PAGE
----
Here are some suggested conversation openers. Remember, don’t blow up if they share things you didn’t expect to hear. Listen to their answers, ask more questions and keep the lines of
- Are a lot of kids vaping at your school? Are your friends vaping? Be sure you don’t react, just listen.
- What do you think about vaping? You may hear him say, “It’s harmless – it’s just flavored water vapor,” but it’s not and you’ll share more about that next
- Do you know what is in JUUL pods and other vapes? Then tell her you have been studying and here’s what you know:
- Vape pods contain harmful ingredients, including formaldehyde, propylene glycol and acrolein (ə-‘krō-lē-ən), which causes irreversible lung damage. It’s not just water vapor, and it’s not safe.
- Even the Surgeon General has established how dangerous vaping is. JUUL commercials and paid influencers will try to make it look safe, but it is not.
- Most vaping manufacturers, including JUUL, are owned by tobacco companies, the same companies that sell addictive cigarettes, which cause millions of deaths. These companies are now focusing their marketing efforts on replacing former cigarette customers with kids, by hooking them on e-cigarettes.
- Do you know how vaping can damage your heath? Tell him why that matters.
- Vaping is smoking – one JUUL pod can contain as much nicotine as a pack of cigarettes.
- Once you start vaping, nicotine addiction follows – and quitting is really hard. (At this point, if you’re a smoker or former smoker, you may want to share your own experience with nicotine addiction.)
- Your lungs will suffer the effects – maybe not today, but eventually. There are multiple cases in the news of kids having seizures from e-cigarette nicotine poisoning. We don’t even know yet how bad this is going to be for your health.
- Do you know the other ways vaping affects your life? Tell her why she should care.
- Over time, the chemicals in e-cigarettes will affect your attention span,memory and lungs.
- Once you’re addicted, vaping will be the boss of you. Even when you don’t wantto do it, you’ll have to do it. And that’s only good for the tobacco companies.
- You’re smarter about health than previous generations were. Vaping goes against all the other healthy choices you’re already making.
ONCE IS NOT ENOUGH
Consider this an ongoing conversation. When you first bring up the subject, your kid might be caught off guard and reluctant to engage. But once you open the door to the topic, he’ll be more inclined to talk to you about it later. If your kid is still skeptical, here are some links you can suggest so he can make up his mind for himself.
Surgeon General: E-Cigarettes.SurgeonGeneral.gov/
American Lung Association: Lung.org/ecigs
If your kid is already vaping, they may be addicted to nicotine. Give her the help she’ll need to quit. Call the PA FREE Quitline at 1-800-QUIT-NOW or visit PA.QuitLogix.org. There are also cessation apps designed for kids, including QuitSTART.
For more information visit THEVAPETALK.ORG OR CALL 1.88.LUNGUSA
The Partnership for Substance Free Youth in Buncombe County will host several medication drop off sites for the DEA National Prescription Take Back day on Saturday 10/26/19 from 10am-2pm in collaboration with local businesses and law enforcement. Through these events and permanent medication drop boxes in our community, The Partnership for Substance Free Youth in Buncombe County has already collected 400 pounds of unneeded or expired prescription medications in 2019.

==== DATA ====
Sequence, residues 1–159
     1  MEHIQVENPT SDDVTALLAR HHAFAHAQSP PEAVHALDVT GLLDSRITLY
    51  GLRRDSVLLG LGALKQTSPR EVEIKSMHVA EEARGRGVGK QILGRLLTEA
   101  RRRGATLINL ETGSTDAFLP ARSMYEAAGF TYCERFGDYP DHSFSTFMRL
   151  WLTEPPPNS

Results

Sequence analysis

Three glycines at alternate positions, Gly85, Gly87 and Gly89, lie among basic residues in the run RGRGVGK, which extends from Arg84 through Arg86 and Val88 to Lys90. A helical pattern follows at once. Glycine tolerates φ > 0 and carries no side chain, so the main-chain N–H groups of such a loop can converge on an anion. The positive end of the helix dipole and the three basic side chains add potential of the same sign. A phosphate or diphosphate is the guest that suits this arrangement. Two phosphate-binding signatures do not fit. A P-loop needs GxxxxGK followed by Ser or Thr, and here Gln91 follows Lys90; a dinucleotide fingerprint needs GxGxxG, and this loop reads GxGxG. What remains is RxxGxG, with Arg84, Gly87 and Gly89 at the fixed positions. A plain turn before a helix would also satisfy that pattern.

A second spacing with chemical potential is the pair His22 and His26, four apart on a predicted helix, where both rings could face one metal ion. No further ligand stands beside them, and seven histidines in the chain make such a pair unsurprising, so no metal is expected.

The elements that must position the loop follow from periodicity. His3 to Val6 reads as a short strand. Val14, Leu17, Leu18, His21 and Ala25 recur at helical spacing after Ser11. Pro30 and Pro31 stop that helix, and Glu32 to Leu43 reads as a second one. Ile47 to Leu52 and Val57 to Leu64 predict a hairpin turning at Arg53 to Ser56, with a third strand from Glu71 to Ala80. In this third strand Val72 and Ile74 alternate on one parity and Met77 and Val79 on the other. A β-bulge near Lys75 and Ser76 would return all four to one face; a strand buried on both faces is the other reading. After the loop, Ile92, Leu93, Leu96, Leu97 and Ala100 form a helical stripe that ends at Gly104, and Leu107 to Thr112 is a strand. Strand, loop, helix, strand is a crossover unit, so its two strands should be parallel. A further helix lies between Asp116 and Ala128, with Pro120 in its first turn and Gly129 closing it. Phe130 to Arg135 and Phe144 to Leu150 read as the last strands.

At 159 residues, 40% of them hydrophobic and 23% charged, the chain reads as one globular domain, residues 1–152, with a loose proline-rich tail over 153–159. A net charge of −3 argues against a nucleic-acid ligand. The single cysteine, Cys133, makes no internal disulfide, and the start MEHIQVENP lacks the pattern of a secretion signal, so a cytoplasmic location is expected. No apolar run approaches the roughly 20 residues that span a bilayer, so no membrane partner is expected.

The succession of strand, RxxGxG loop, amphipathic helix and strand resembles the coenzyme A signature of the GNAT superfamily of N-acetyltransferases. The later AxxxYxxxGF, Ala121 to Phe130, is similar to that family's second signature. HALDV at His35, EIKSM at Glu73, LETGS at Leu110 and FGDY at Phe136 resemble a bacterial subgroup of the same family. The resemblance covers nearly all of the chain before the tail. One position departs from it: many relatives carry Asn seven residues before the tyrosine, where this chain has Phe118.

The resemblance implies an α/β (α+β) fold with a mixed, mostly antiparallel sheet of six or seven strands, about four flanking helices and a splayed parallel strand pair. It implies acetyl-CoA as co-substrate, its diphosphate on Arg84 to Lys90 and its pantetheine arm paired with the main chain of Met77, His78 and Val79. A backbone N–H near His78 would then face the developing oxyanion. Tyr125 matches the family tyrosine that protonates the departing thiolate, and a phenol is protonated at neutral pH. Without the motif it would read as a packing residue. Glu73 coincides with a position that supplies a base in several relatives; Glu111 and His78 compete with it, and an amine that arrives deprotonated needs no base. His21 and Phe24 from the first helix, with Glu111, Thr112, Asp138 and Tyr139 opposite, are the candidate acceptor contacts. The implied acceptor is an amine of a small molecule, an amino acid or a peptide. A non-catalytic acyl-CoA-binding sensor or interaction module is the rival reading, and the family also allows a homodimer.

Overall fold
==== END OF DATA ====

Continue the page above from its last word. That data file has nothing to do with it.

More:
Last fall Americans turned in nearly 469 tons (more than 937,000 pounds) of prescription drugs at nearly 6,300 sites operated by the DEA and almost 5,000 of its state and local law enforcement partners. Overall, in its 17 previous Take Back events, DEA and its partners have taken in more than 11.8 million pounds—approximately 5,900 tons—of pills.
This initiative addresses a vital public safety and public health issue. Medicines that languish in home cabinets are highly susceptible to diversion, misuse and abuse. Rates of prescription drug abuse in the United States are alarmingly high, as are the number of accidental poisonings and overdoses due to these drugs. The Substance Abuse and Mental Health Services Administration’s National Survey on Drug Use and Health shows year after year that the majority of misused and abused prescription drugs are obtained from family and friends, including someone else’s medication being stolen from the home medicine cabinet. In addition, Americans are now advised that their usual methods for disposing of unused medicines—flushing them down the toilet or throwing them in the trash—both pose potential safety and health hazards.
For the first time, the DEA and The Partnership for Substance Free Youth in Buncombe County, will also accept vaping devices and cartridges at any of its drop off locations during the Take Back Day. Many concerns have been raised lately across the United States over illnesses and death caused by vaping and the high youth vaping initiation rates. In an effort to support a healthy lifestyle and energetic population, especially amongst Americas’ youth, DEA is committed to doing all it can to help safely dispose of vaping devices and substances.
Participating in National Take Back Day provides community members with an opportunity to help prevent prescription and over-the-counter medicine misuse and abuse by disposing of unused or expired medicines in a safe, convenient, and responsible way. In addition, community members can help prevent and reduce youth initiation of vaping nicotine and other harmful substances by disposing of vaping devices and cartridges.
For more information about the disposal of prescription drugs or about the October 26 Take Back Day event, go to www.DEATakeBack.com
The event will take place at multiple locations across Buncombe County from 10am-2pm:
Walgreens: 1124 Patton Ave, Asheville
Walgreens: 1835 Hendersonville Road, Asheville
Walgreens: 91 S. Tunnel Road, Asheville
Walgreens: 841 Merrimon Avenue, Asheville
CVS: 425 W State St. Black Mountain
Asheville Airport – Public Safety Building, Fletcher
SONA Pharmacy: 805 Fairview Rd, Asheville
Asheville Mountain Pharmacy: 1272 Tunnel Rd. Ste 20, Asheville
Please remove identification from all medications, and separate pills, liquids and inhalers into different bags or containers. We cannot accept radioactive medications such as cancer medications. Also, we cannot accept needles or sharps. All medications collected during the event are considered anonymous and will be incinerated by the Drug Enforcement Agency.